Valjean saw her last on rough cotton sheets. He took note of the defeated blue of her eyes – the shade of the ocean when it realizes that its waves would never touch the clouds – and the sharp lines of her shape, the sickly glow of the melting candle on the other side of the room scattering soft light on the sweat of her cold skin, the words from her used lips.
Is Cosette close to the house, monsieur? Does she not look lovely in her coat? Pink and white and smiling. I do hope the children won't be rough. She is so frail! Thenardier said so herself. Five francs for the warm wool. And what am I, if only sweet Cosette could be warm?! I'm so tired, monsieur, as if I've been hurting for the longest time. Perhaps, if I close my eyes.
The bridge of his nose throbbed, like what noses did before tears start to paint cheeks and jaws. Slowly, Valjean sat on the edge of the bed. A feeling rattled in his lungs; the one that stains when you have just finished racing through hell, thanking God that only you had to do it, and then suddenly finding out someone else had to as well.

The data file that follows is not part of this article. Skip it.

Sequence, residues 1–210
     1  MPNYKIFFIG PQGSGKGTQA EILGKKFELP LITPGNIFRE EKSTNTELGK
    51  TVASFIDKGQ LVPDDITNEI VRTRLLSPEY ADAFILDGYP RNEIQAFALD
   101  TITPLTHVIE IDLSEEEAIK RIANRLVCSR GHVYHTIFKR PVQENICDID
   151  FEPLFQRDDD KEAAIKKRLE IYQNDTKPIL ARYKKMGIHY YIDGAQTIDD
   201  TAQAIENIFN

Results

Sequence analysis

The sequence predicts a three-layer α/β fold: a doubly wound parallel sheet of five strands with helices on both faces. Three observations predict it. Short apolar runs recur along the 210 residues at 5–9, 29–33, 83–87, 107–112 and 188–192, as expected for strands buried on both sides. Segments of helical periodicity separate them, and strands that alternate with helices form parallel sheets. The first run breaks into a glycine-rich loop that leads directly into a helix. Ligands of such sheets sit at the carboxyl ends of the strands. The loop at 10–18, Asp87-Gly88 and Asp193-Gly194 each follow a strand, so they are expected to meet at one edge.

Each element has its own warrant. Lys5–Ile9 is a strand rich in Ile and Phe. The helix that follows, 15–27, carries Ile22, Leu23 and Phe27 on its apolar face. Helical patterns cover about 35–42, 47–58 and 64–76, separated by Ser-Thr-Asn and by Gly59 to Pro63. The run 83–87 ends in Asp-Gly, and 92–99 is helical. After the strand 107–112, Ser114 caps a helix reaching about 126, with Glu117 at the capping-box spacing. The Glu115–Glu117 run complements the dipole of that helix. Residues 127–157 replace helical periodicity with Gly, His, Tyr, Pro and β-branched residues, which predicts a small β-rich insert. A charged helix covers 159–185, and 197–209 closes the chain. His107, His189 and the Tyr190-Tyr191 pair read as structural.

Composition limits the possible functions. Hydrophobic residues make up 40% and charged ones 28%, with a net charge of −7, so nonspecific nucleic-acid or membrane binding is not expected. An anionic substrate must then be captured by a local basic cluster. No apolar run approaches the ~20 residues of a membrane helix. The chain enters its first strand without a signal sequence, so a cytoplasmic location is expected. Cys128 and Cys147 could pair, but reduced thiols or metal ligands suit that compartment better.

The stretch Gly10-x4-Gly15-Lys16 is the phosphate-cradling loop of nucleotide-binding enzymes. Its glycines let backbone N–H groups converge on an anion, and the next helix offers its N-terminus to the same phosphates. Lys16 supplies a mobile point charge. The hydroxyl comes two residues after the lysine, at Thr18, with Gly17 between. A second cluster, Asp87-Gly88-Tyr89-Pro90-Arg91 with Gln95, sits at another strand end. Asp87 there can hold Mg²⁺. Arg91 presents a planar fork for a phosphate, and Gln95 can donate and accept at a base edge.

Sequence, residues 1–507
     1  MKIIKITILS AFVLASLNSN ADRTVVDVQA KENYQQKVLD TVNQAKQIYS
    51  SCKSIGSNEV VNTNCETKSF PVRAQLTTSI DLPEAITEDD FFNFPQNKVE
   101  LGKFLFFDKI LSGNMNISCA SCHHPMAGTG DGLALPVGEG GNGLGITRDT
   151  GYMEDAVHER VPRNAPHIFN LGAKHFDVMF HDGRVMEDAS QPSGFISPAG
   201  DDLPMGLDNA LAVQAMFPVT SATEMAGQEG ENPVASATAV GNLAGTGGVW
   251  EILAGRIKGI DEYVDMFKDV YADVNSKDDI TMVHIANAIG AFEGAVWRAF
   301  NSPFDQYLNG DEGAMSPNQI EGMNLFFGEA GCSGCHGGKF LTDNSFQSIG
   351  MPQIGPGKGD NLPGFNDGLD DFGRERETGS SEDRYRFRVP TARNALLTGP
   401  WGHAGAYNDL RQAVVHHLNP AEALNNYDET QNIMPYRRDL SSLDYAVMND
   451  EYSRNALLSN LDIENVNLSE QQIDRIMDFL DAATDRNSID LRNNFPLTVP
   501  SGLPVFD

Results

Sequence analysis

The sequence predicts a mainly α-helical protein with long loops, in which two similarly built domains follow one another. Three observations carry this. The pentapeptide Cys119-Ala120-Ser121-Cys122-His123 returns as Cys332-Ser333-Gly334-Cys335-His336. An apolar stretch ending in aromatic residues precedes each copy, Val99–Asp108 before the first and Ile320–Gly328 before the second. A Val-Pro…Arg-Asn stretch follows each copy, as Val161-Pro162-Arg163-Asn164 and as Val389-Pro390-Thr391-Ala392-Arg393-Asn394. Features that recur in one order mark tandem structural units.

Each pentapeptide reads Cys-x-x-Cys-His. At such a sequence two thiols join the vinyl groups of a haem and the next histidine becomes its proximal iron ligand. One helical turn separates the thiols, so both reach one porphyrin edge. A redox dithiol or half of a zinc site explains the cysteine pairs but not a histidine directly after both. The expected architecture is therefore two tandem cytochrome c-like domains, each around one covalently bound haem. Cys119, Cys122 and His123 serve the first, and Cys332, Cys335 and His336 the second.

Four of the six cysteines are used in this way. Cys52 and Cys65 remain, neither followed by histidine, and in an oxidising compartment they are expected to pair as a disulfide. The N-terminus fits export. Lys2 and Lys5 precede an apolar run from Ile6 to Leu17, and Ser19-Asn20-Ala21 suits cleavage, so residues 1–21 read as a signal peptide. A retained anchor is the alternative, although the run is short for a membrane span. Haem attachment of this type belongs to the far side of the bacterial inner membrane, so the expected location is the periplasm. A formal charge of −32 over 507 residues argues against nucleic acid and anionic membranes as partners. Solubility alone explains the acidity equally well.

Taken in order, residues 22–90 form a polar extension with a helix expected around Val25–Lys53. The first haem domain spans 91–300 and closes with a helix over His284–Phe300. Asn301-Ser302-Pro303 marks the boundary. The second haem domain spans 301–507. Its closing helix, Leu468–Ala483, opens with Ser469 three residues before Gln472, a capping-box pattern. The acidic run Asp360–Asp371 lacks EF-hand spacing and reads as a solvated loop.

He held her hand for the longest time, as only two people of the same sadness can.
When rain from her eyes started rolling over her face (one, two, three, four), he gathered the sleeping woman into his arms. He held Fantine impossibly tight, hoping that it could break their skin, so he could somehow take her shivering heart and exchange it for his own, for a second forgetting that his too had barely recovered. Valjean couldn't let go. He might have thought that by sitting on a derelict bed, he can whisk her away from the sorrow, the pain that tainted their breaths.
Together, Valjean and Fantine tinted each other with a familiar melancholy and an unsaid prayer. He cocooned her into himself as life has ensnared them in an eternity of loving and never receiving, and in that space of unending grief, they loved. So, in a way, they may have loved each other.
Disclaimer: I do not own Les Miserables.
A/N: Reviews are greatly appreciated!